Francis H. Smith was one of the founders of and the first superintendent of the Virginia Military Institute. He built the school and then ‘rebuilt’ it after the end of the Civil War, during which time the school had been burnt by raiding Federal troops. He survived his retirement from VMI by only three months.
Elisha 'Bull' Paxton was a lawyer who had received his training at Harvard. He had served on Stonewall Jackson’s staff until he was promoted to general and thereafter given command of the Stonewall Brigade. He was shot down at Chancellorsville, one day after Stonewall Jackson was mortally wounded.
William Nelson Pendleton was the Episcopal clergyman for Lexington for some 28 years. He also served as Robert Lee’s Chief of Artillery, a position which he was not well suited for. He was present with Lee at the end at Appomattox and would preside at Lee’s funeral, some five years later. Nearby, his wife and son, LTC A.S. “Sandie” Pendleton lie. Sandie served as one of Stonewall Jackson’s main staff officers, a man whom Jackson trusted implicitly. Surviving his chief’s death in 1863, he was killed a year later, only six days short of his twenty-fourth birthday.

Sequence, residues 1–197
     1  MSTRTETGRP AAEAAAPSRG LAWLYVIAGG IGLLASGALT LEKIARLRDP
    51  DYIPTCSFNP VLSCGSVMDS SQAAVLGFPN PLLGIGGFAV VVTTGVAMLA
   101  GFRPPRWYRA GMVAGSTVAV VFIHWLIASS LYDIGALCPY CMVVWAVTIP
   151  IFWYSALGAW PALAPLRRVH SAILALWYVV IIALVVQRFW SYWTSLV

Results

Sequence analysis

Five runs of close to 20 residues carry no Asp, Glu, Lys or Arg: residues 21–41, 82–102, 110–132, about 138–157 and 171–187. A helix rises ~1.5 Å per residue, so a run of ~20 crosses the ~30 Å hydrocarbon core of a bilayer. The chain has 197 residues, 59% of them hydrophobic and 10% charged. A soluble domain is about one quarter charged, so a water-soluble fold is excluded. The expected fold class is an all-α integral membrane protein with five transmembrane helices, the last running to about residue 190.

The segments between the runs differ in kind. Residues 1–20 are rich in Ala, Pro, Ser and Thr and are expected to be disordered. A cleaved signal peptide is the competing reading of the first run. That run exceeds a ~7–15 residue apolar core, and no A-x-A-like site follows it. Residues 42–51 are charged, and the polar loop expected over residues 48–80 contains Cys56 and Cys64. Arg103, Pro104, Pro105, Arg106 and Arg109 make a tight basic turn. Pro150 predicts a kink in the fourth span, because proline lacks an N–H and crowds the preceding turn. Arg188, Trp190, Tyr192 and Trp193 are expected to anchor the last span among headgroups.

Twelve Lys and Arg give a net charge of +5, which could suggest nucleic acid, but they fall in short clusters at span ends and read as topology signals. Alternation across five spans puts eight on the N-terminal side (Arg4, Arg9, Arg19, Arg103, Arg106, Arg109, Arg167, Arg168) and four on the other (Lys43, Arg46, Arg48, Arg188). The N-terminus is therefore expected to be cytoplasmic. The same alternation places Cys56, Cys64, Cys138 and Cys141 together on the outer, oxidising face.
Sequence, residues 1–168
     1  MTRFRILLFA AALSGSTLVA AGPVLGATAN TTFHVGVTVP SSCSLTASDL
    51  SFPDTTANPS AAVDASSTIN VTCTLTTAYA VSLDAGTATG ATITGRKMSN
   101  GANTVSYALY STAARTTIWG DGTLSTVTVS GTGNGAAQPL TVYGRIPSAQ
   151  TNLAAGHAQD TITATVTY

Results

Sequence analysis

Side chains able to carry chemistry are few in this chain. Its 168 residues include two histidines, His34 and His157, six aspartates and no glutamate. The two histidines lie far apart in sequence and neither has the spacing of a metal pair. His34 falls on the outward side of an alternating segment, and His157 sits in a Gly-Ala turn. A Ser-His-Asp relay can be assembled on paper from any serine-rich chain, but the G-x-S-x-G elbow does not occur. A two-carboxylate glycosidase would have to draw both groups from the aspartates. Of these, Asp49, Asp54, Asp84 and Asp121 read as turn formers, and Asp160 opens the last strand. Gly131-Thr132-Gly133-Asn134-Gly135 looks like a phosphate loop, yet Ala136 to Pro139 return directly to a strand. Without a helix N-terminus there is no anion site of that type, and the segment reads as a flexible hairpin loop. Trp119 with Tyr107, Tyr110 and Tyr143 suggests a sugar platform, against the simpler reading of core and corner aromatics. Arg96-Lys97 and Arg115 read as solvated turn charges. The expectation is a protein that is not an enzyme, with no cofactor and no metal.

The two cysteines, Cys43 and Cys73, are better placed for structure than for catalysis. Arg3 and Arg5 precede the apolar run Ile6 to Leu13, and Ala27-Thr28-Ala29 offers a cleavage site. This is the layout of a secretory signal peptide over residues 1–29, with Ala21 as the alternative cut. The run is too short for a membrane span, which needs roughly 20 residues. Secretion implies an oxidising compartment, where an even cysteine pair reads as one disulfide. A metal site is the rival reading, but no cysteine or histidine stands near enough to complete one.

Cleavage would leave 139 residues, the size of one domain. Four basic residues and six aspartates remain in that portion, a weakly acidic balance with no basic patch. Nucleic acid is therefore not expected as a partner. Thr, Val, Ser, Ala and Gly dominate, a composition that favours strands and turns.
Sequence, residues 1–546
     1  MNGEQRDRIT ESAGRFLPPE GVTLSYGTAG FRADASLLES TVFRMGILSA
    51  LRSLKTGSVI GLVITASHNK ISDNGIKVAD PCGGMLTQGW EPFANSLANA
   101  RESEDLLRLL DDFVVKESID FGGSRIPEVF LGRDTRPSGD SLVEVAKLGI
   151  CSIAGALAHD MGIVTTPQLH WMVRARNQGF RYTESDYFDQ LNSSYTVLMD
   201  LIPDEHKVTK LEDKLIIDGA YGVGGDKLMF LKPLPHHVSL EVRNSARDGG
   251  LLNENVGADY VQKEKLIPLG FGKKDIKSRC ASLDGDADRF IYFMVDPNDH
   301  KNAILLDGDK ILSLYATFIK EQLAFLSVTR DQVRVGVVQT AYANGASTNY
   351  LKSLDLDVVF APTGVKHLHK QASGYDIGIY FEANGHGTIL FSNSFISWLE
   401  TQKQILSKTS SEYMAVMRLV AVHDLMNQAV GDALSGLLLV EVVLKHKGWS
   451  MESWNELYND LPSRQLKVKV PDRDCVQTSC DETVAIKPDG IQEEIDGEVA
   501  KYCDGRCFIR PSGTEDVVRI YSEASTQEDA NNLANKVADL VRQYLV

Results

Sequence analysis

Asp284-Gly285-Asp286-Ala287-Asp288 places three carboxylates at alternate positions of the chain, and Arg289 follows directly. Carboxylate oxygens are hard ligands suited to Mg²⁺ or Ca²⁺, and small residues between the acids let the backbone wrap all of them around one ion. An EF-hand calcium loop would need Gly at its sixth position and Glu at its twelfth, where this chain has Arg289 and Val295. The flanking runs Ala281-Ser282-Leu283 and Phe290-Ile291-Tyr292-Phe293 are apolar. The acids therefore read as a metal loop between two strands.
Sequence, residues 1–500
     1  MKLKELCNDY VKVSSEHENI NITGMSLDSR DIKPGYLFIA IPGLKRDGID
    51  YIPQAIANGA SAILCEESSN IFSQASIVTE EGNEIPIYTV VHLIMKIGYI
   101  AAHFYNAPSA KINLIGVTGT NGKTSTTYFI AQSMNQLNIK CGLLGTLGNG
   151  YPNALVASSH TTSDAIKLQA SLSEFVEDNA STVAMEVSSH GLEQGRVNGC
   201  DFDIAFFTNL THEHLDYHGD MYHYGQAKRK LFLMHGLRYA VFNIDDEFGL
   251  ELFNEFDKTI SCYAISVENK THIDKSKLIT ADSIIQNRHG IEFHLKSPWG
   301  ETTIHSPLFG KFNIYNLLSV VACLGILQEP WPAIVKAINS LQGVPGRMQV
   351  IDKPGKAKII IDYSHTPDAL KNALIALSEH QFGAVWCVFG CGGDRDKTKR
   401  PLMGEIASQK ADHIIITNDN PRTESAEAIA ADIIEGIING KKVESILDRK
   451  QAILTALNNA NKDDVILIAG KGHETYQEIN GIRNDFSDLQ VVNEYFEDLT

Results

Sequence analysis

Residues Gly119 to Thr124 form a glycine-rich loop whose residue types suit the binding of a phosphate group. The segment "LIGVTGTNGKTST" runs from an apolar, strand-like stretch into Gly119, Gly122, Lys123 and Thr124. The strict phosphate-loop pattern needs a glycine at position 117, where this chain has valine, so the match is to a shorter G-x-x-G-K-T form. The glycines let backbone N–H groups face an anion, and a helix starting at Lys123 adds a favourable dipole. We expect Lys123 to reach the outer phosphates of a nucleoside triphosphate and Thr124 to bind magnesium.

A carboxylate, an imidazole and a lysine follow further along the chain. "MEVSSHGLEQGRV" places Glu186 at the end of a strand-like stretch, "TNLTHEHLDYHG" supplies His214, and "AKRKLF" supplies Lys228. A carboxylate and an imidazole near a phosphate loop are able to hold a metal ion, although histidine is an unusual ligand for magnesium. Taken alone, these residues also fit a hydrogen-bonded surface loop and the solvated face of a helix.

Ellinor Junkins was the 29 year old daughter of the president of the Washington College that Thomas Jackson fell in love with and married in 1853. Their happiness was shortlived, however, as Ellinor died the next year giving birth to a stillborn boy. Jackson took their deaths very hard and it was only after some time that he was able to recover.
South of downtown Lexington, on the east side of Main Street, is the Stonewall Jackson Memorial Cemetery where along with Stonewall Jackson and his family, two Virginia governors and over 100 Confederate veterans are buried. The Statue of Jackson was done by Edward Valentine, the same sculptor who did the statue of the sleeping Lee found in the Lee Chapel at nearby Washington & Lee University. Jackson’s body was moved from an earlier burial site, a site that is marked by an appropriate monument. Beside Jackson, his second wife and daughter are buried, as well as more recent family members - including men who served in the re-United States military services, demonstrating the continued family military tradition.
Higher than NIagara at 215 feet, and considered one of the seven natural wonders of the world, Natural Bridge in Rockbridge County was initialed by George Washington in 1750 while surveying for Lord Fairfax. Just before the American Revolution on July 5, 1774, Thomas Jefferson purchased 157 acres of land including the bridge from King George III of England for 20 shillings.
Natural Bridge is open every day from 8 AM until dark.
We visited this site quite a few years ago. At that time there was a nice restaurant adjacent to the entrance to the bridge. The caverns offer a chance to explore the underground world on a guided tour. Better than what we expected, the tour lasts about 45 minutes and explains the geology, history and folklore of the Rockbridge Co. area.